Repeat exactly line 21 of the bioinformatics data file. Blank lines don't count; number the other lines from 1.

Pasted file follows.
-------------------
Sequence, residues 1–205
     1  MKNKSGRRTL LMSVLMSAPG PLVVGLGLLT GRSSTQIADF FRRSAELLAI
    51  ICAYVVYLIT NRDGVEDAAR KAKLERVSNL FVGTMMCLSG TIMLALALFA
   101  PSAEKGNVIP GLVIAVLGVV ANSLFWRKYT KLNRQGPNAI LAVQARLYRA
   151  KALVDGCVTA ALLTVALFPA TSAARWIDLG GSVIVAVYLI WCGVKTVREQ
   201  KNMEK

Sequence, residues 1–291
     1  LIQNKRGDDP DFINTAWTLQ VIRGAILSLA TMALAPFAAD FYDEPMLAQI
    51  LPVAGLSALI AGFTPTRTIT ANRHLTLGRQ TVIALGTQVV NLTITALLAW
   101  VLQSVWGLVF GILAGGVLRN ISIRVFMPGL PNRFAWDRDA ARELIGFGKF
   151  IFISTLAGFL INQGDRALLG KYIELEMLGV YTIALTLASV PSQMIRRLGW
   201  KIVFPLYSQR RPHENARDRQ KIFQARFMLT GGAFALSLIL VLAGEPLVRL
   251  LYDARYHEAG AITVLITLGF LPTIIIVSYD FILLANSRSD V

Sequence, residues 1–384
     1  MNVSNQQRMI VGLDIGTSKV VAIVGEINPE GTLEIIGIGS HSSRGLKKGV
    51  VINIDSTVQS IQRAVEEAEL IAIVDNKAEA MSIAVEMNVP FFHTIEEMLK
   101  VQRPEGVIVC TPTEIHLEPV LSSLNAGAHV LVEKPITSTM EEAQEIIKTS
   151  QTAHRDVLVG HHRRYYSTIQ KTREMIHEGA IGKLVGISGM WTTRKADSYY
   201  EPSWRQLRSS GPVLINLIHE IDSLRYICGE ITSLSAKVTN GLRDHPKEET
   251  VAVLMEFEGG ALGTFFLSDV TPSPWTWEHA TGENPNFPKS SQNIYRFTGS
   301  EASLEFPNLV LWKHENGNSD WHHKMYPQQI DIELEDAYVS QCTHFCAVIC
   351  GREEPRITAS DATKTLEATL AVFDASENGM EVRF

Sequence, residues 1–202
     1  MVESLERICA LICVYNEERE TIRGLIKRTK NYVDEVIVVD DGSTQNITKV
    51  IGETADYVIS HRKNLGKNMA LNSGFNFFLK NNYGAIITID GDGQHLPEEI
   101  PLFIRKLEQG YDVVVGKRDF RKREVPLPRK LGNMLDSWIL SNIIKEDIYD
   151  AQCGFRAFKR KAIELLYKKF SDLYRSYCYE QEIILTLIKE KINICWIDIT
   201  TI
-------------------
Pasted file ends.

   301  EASLEFPNLV LWKHENGNSD WHHKMYPQQI DIELEDAYVS QCTHFCAVIC